Network Analyst search tolerance

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09-08-2014 02:59 AM
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New Contributor III

I found something interesting happening with the search tolerance in Network Analyst (the default Closest 5000 metres one) and would be grateful if anyone could confirm that what I'm doing is correct.

Basically, I have several thousand post codes (origins) and a list of shops (destinations) and want to count the number of shops within 800 metres of each postcode (using the Origin Destination or ODCost Matrix method).

First I ran the analysis and set the search tolerance to the Closest 50 metres and saved the output (lines and distances).

Secondly, I run the analysis again on the remaining postcodes that did not 'snap' onto the network the first time by setting the search tolerance to First Road Link within 100 metres.

Thirdly I used the default Closest 5000 metres search tolerance to capture any remaining postcodes and shops.

Although this takes a bit longer i.e. 3 separate runs, all of this process was successful and is really the preferred methodological way to do it where I work i.e. lower search tolerance at first to capture most features then increasing the search tolerance step by step until all the remainder of the data is captured.

Well, what was interesting was that when I ran this OD Cost Matrix analysis again using the default Closest 5000 metres first time only, I found that the results were exactly the same as when I ran the 3 separate analyses with different search tolerances.  It wasn't that it was close to the previous results - they were precisely the same results down to a millimetre!

To me this is great news and saves a lot of time but my manager seems to think that the first approach (starting low then increasing search tolerance) is better.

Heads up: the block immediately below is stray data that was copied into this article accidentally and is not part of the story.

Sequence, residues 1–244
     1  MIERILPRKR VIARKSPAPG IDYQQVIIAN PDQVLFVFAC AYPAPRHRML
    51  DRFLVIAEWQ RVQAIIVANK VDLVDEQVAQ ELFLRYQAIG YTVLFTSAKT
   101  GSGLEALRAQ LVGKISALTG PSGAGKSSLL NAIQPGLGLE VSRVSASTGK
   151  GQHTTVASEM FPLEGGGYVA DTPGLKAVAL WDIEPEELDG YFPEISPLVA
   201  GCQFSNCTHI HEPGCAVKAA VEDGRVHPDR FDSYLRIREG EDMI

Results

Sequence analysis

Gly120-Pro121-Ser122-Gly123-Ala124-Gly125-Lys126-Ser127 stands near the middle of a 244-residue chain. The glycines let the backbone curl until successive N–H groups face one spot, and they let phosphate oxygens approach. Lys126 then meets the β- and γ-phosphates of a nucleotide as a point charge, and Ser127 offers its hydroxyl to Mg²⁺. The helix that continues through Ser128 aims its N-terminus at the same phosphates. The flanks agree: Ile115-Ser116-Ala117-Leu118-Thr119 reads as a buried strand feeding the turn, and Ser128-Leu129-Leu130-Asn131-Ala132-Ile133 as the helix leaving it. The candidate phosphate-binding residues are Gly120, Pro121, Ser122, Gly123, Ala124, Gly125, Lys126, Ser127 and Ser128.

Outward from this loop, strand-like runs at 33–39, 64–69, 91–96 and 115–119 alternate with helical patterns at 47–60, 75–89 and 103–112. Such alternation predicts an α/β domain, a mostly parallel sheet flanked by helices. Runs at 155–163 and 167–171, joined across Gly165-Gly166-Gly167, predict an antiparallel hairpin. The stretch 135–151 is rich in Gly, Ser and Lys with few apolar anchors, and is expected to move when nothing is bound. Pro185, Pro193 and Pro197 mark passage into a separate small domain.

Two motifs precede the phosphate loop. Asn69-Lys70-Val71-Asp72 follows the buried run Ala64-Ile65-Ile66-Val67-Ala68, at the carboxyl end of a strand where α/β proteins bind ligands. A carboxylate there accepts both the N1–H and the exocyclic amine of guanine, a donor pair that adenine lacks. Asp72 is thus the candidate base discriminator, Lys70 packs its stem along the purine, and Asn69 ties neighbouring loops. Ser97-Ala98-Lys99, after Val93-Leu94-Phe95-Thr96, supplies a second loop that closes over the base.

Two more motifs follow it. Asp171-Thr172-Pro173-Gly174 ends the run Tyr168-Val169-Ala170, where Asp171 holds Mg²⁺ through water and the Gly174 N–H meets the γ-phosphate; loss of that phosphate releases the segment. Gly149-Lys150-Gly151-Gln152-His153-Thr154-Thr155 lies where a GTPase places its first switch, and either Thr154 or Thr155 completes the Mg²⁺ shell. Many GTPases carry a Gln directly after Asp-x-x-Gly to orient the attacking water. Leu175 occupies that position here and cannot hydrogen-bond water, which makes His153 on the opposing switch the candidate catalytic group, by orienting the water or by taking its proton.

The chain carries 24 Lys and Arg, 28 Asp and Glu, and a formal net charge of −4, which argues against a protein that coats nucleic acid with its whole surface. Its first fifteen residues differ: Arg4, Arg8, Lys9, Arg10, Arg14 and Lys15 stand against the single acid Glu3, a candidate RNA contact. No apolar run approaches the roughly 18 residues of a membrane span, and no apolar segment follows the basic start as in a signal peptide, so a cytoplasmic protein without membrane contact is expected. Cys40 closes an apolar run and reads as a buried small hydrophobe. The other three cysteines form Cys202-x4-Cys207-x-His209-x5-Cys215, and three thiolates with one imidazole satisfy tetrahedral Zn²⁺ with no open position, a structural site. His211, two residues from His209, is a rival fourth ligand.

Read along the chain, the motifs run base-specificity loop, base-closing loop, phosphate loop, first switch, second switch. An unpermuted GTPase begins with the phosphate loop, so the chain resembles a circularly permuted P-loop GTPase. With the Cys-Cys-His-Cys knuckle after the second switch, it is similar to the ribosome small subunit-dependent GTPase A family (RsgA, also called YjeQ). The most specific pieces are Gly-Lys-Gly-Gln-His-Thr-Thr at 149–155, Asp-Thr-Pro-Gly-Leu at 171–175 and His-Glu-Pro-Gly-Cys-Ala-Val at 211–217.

Please could anyone with a bit of Network Analyst experience confirm that it is indeed ok to just use the default 5000 metre search tolerance (in most cases) rather than 3 separate runs with all the usual joining files etc. assocoated with it.  I know this depends on your data but I just mean generally.

The fact that the results were exactly the same to a tee (and this was thousands of measurements) really makes me believe that the best approach is to use the default search tolerance where possible because it locates the feature onto its closest or first part of the network anyway.

My manager needs convincing even though I showed her that the results were the same and would be grateful if anyone else could confirm they use the same method.

I hope this makes sense and that the information is of some use to some Network Analyst users - it could save time.

Thanks again and any comments are welcome.

Regards


Scottaidh

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Esri Regular Contributor

In order to calculate an OD Cost Matrix (or any of the other Network Analyst analyses), you have to add your point locations to the NA layer.  For instance, you have to take your post codes and add them as Origins.  What this procedure does is it examines the original geographic location of the post codes and finds the location on the network where that location falls.  So, if a point falls a few meters off the side of the road, it assumes that the starting point of any journey originating at that point would just be the closest point on the road network to that point.  It's like the point where the driveway touches the street, even if you would have to drive 100  meters down the driveway to actually reach the front door.